Law said Netflix’s decision was not censorship or akin to book-burning but was instead a commercial platform choosing to disassociate itself from offensive content.
He agreed with Boney that what was required of Netflix now was not just the removal of content but an investment in stories that might counteract those harmful depictions.
“Netflix isn’t just a platform, they are a production house, and they invest in original work,” he said.
“I welcome that they have signalled as a company they want to invest in diversity … They’ve got a role to play as a global leader, but all broadcasters do, including the ABC and SBS and local streamers and broadcasters.”
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Briggs says getting rid of Chris Lilley’s blackface from Netflix is a small step for the company.
Culture as a teachable moment
Dr Lauren Rosewarne, a senior lecturer at the University of Melbourne, has argued that audiences should be careful about viewing historical content through a contemporary lens.
She said there was a problem with seeking to erase elements of popular culture, using the example of Michael Jackson, whose music was pulled from radio airwaves after the re-airing last year of child abuse allegations in the documentary Leaving Neverland.
“Do we delete him from the American music canon, even though he made such an important contribution?”
But she also said that even if TV shows or films were left alone as historical artefacts or teachable moments, there was no guarantee viewers would interpret them that way.
“We are not used to watching popular culture with a manual. We use it for light relief,” she told ABC Brisbane.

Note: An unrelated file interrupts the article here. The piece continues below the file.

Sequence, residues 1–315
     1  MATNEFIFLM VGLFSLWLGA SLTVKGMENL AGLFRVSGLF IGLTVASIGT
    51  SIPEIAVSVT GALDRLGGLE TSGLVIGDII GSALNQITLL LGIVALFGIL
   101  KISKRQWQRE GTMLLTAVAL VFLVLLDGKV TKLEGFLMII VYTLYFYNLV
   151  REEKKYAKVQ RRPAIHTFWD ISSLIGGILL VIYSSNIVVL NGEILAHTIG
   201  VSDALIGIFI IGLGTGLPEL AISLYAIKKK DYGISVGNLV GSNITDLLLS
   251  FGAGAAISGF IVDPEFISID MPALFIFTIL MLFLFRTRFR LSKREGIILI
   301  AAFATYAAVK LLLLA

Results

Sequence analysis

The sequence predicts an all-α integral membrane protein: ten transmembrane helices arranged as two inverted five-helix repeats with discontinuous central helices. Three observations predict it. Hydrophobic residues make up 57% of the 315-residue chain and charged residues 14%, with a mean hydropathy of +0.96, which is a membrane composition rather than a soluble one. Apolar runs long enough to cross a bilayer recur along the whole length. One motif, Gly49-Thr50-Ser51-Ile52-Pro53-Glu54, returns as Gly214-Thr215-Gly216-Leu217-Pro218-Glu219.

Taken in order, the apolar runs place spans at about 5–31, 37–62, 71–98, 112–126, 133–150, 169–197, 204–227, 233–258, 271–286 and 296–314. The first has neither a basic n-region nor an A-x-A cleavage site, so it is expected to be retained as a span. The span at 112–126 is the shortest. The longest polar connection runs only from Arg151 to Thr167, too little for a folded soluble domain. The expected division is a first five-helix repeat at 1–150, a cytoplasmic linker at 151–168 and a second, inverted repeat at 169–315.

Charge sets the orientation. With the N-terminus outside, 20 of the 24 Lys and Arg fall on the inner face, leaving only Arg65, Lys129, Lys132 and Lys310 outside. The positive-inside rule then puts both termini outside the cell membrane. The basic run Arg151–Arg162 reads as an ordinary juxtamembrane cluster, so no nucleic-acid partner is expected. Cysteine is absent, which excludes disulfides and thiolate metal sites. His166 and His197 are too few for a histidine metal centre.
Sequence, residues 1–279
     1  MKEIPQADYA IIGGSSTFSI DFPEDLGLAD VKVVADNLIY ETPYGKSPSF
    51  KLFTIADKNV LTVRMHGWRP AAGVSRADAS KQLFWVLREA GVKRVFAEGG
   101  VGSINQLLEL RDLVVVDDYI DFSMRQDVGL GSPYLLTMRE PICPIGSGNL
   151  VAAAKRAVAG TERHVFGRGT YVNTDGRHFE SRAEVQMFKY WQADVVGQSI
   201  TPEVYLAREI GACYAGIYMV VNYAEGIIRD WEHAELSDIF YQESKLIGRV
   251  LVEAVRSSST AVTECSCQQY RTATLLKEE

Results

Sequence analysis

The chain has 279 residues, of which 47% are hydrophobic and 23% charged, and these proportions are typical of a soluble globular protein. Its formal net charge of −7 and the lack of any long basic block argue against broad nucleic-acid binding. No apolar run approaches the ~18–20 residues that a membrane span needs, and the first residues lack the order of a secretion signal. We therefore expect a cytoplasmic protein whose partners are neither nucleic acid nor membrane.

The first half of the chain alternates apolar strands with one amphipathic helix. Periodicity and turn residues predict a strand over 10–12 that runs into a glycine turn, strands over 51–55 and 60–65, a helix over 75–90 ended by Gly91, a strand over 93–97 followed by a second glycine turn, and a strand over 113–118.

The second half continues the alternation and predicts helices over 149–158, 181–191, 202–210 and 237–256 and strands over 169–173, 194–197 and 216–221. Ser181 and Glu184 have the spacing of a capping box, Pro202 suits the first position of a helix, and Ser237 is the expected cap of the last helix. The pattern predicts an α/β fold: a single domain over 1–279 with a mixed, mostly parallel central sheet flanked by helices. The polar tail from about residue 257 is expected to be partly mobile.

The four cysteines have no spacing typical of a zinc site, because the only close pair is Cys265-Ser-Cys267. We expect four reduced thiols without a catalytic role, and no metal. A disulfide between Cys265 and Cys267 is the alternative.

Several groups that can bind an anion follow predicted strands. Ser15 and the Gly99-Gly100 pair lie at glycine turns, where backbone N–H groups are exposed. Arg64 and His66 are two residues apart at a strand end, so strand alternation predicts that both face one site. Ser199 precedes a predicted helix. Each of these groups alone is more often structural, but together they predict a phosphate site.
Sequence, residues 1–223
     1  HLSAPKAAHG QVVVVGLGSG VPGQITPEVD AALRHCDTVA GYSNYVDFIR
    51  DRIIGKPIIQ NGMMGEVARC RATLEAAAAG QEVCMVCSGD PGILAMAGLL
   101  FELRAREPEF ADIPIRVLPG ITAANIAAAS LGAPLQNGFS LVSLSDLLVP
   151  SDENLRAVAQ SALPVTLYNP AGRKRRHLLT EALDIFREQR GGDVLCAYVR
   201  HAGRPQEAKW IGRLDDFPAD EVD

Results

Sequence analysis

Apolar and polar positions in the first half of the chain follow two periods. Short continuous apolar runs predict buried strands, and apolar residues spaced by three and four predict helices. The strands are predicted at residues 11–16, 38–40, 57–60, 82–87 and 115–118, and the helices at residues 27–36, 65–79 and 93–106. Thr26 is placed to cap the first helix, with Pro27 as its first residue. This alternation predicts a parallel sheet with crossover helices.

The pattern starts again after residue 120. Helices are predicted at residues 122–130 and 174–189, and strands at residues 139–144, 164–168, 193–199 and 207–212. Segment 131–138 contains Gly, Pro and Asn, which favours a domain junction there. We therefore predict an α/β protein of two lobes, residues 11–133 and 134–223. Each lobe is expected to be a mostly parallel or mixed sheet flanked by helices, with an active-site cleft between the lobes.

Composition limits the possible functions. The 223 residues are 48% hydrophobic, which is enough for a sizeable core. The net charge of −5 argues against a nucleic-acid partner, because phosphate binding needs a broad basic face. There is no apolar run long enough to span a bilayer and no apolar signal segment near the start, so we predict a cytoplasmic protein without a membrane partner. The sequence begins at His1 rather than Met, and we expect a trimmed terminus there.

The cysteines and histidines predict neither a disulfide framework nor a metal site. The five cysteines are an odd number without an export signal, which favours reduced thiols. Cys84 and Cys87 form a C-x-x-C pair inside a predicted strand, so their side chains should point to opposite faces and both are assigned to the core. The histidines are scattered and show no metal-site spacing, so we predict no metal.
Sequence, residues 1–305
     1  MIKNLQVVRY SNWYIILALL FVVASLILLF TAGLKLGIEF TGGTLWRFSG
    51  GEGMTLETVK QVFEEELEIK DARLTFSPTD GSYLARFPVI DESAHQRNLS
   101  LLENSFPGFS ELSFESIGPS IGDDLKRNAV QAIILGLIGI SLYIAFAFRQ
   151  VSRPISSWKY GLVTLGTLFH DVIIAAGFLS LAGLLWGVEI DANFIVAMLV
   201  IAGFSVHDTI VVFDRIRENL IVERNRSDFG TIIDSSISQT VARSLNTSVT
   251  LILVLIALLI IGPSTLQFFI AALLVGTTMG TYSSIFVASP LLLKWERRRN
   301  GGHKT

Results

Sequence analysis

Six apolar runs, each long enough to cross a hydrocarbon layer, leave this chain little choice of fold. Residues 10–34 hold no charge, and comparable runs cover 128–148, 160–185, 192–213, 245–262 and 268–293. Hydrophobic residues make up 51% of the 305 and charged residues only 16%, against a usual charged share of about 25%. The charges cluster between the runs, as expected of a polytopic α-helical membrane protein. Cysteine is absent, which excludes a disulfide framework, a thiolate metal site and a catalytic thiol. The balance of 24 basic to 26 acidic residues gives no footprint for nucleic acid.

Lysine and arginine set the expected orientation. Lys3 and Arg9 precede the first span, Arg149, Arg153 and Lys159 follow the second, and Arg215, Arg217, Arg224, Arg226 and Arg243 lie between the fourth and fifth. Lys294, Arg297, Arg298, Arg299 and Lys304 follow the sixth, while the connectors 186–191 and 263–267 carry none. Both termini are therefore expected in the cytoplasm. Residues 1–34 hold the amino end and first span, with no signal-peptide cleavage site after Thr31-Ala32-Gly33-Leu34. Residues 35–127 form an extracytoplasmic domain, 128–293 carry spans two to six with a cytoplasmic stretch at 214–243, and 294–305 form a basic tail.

“This is why I think you’ll see streaming services just saying, like they have in the past few days, ‘it’s just easier for us not to be in that space of looking like we are endorsing that content’.”
HBO Max, Disney keeping some controversial films
HBO Max is taking an educational route, aiming to restore Gone With The Wind — which won 10 Academy Awards, including for Hattie McDaniel, the first African-American actor win such an award — to its platform with a note about its harmful content.
“It will return with a discussion of its historical context and a denouncement of those [racist] depictions,” a spokesperson for the platform said this week.
Disney has done something similar.
Disney is no longer just that thing from your childhood
Disney is having a major cultural moment, driven by shrewd deal-making, clever marketing and our thirst for spin-offs and nostalgia.The cultural powerhouse has a number of problematic titles in its vault, and on Disney+, a warning appears onscreen before films like Dumbo, telling viewers they include “outdated cultural depictions”.
This reckoning with harmful content of the past extends beyond TV and film, too.
In 2018, Guns N Roses released a boxset of their popular early records but left off one song, One In A Million, which used racist and homophobic slurs and denigrated immigrants.
At the time, Dr Charles Fairchild, associate professor of popular music at the University of Sydney, said these kinds of re-evaluations of pop culture’s past were “going to keep cropping up”.